The new Form I-9 (revision date 2/02/2009) is currently scheduled to go into effect on April 3, 2009. The new I-9 form is available on the U.S. Citizenship and Immigration Services website and here. The new I-9 and the interim rule creating it were originally published in the Federal Register on December 17, 2008, with a correction published on January 16, 2009. However, on January 30, 2009, the U.S. Department of Homeland Security (DHS) announced that implementation of the new I-9 would be postponed until April 3, 2009. Notice of the delay appeared in the February 3, 2009 edition of the Federal Register.
The interim rule alters both the I-9 form and the List of Acceptable Documents by changing some of the language on the form itself and adding to and deleting from the List of Acceptable Documents. In section One, the employee portion of the Form I-9, DHS has amended the language to include a noncitizen national. A noncitizen national includes someone born in American Samoa, certain citizens of the Trust territories of the Pacific Islands, and some children of noncitizen nationals born outside the United States. See Littler ASAP, USCIS Issues Interim Final Rule on I-9 Employment Verification.
The remainder of the changes imposed by the interim rule deal with Section 2, the employer portion of the Form I-9, and the List of Acceptable Documents. When the new I-9 goes into effect, only unexpired documents will be acceptable for I-9 purposes. Additionally, the new List of Acceptable Documents include the U.S. Passport Card as a List A document. Two other documents have also been added to List A, and they will verify both identity and work authorization:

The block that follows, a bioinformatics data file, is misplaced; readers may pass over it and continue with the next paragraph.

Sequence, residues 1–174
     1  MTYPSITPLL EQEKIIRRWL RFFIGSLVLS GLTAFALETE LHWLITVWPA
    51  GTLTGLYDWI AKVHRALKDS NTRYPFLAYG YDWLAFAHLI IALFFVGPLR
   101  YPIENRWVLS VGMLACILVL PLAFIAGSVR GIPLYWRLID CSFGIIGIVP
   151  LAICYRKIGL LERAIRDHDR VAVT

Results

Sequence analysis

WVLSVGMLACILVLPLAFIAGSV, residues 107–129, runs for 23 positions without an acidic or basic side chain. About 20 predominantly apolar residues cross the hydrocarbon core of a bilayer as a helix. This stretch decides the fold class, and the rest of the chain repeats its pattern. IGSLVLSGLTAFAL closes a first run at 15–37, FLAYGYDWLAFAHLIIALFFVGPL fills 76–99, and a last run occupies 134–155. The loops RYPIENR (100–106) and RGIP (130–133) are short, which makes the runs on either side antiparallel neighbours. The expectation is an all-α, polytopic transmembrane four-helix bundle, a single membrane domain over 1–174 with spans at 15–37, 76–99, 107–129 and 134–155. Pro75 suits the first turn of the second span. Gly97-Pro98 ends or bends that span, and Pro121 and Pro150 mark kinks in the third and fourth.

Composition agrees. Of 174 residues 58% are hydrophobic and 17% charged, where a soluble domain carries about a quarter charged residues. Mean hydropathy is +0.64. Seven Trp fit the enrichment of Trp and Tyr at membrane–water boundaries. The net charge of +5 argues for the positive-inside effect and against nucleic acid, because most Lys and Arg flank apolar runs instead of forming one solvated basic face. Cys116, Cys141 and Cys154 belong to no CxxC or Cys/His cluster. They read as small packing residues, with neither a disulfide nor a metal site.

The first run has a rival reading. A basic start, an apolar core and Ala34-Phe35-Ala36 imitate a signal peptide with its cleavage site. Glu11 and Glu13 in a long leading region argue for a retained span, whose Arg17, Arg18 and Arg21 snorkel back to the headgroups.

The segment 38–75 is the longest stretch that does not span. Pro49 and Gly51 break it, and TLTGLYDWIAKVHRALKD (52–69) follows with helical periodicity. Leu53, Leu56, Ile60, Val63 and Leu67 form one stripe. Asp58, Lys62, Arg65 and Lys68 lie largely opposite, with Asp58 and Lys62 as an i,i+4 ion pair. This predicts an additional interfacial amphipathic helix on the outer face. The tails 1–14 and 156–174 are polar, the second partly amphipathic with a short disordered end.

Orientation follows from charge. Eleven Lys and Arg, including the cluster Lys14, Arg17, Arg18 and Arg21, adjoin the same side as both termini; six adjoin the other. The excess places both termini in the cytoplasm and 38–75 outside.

- A foreign passport notation on a machine-readable immigrant visa that is pre-printed with a temporary I-551 notation (confirmation of legal permanent residence status); and
- A passport from the Federated States of Micronesia (FSM) or the Republic of the Marshall Islands (RMI) with a valid Form I-94 demonstrating valid status pursuant to the Compact of Free Association with the United States.
Since releasing the new I-9, the DHS also published a final rule in the Federal Register stating that a military identification card issued by the Armed Forces is acceptable as a List A document evidencing both identity and employment authorization if the employer is the U.S. military and the Form I-9 is completed in the context of military enlistment. Apart from the U.S. Armed Forces (the U.S. Army, Navy, Air Force, Marine Corps, or Coast Guard), no other employer may accept a military identification card as a List A document. Nor is the military identification card acceptable as a List A document for any purpose other than enlistment in one of the Armed Forces. However, the military identification card continues to remain otherwise acceptable as a List B document evidencing identity with respect to employment by private and public employers alike.
Additionally, in anticipation of the new I-9's upcoming April 3, 2009, effective date, an updated M-274 Handbook for Employers was released by the U.S. Bureau of Citizenship and Immigration Services (CIS) on March 19, 2009, and it is available at www.uscis.gov. The revised Handbook reflects the new I-9's changes and additional requirements, as well as providing an explanation of the E-Verify program. Employers are encouraged to review the Handbook and understand its requirements in advance of the form's April 3 effective date.
The content of this article is intended to provide a general guide to the subject matter. Specialist advice should be sought about your specific circumstances.